Think that shiny new gaming console you'll be picking up in the coming weeks has the latest and greatest APU technology from AMD? Think again, as AMD recently announced a new range of mobile APUs that effectively render the semi-custom APUs used in the PlayStation and Xbox One obsolete.
In 2014, AMD will be launching 'Beema' (10-25W) and 'Mullins' (~2W) APUs to replace the low-power 'Kabini' and ultra-low-power 'Temash' chips respectively. Both new APUs come with between two and four 'Puma' CPU cores, the successor to the 'Jaguar' cores seen in Kabini, Temash and the next-generation consoles. AMD is claiming Puma gives a 2x improvement in performance per watt versus Jaguar, but so far hasn't disclosed exactly what is facilitating this boost on the architecture or clock speed front.
On the GPU front, Beema and Mullins both make use of the GCN 1.0 architecture: the same architecture used in Kabini and Temash, as well as the Radeon HD 7000 series graphics cards. To get more performance out of the GPU in the new line of APUs, it appears as though AMD has raised the clock speeds, as opposed to adding more compute units.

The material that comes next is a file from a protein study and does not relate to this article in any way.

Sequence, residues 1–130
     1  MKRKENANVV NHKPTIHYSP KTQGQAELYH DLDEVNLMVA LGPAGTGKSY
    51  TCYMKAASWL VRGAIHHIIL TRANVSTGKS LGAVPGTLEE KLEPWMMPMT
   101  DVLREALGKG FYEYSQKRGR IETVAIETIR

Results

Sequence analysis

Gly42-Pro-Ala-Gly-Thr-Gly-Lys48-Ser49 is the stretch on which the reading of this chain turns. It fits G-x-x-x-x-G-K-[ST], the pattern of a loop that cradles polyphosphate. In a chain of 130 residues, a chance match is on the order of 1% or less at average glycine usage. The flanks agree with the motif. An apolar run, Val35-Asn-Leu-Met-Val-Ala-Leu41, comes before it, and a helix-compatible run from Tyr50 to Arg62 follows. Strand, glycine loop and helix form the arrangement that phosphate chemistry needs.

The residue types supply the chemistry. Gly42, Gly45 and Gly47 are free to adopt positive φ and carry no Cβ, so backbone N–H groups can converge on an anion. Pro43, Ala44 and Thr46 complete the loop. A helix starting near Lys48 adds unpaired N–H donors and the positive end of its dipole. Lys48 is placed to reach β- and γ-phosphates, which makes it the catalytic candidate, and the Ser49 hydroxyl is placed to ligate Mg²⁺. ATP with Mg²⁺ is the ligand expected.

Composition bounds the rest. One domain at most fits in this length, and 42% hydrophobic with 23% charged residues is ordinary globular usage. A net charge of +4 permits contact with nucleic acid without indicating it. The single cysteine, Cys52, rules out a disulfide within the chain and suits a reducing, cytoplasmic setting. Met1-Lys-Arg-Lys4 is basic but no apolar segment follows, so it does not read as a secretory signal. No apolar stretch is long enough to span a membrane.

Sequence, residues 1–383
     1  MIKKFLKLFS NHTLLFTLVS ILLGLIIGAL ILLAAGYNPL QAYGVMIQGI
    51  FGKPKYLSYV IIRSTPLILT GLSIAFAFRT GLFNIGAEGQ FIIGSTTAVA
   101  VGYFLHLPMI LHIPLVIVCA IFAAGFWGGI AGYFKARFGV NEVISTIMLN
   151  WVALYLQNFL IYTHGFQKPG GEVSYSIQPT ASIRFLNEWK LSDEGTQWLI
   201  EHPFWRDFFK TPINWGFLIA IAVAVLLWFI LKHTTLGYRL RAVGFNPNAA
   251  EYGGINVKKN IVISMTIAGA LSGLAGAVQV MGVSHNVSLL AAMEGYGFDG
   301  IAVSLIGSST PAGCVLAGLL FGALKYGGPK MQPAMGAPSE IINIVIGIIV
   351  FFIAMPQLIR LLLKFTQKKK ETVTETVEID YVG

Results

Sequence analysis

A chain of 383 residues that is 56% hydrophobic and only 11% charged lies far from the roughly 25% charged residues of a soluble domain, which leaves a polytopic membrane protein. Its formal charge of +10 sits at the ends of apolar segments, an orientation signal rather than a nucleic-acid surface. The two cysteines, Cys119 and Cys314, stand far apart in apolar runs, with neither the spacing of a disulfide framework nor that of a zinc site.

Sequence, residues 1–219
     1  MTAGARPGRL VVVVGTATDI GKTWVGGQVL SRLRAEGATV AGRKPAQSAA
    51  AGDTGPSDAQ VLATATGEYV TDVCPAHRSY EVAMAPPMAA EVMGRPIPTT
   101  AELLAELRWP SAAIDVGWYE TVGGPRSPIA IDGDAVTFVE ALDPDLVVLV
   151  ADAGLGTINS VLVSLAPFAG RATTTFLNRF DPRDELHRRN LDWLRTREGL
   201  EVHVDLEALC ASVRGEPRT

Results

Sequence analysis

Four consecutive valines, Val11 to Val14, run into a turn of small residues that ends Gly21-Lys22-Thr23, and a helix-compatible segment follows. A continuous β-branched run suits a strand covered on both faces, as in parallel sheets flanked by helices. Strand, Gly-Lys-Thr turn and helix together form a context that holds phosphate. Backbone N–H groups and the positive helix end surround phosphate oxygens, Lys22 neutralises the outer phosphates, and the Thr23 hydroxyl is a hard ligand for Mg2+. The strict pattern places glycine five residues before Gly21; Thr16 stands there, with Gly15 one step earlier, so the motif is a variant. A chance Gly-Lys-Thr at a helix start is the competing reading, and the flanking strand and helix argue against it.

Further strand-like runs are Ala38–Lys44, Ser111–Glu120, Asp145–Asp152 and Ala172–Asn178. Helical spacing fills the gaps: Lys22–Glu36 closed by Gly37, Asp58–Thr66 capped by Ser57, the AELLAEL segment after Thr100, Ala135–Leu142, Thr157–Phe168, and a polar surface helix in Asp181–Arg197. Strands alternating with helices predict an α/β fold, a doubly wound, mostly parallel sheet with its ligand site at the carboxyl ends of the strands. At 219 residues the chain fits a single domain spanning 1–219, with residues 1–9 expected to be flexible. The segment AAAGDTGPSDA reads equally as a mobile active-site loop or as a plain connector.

AMD has also added in an ARM Cortex-A5 core into Beema and Mullins as a "Platform Security Processor", bringing support for the ARM TrustZone. Essentially this provides an environment for malware protection and certain authentication protocols, but as it still requires software-side implementation, there's no guarantees it will ever be used.
While the desktop Kaveri APUs will be available from January 14, there's no exact launch date for Beema or Mullins. However with the growing adoption of Intel's Bay Trail chips, it would be in AMD's best interests to get these new SoCs out the door sooner rather than later.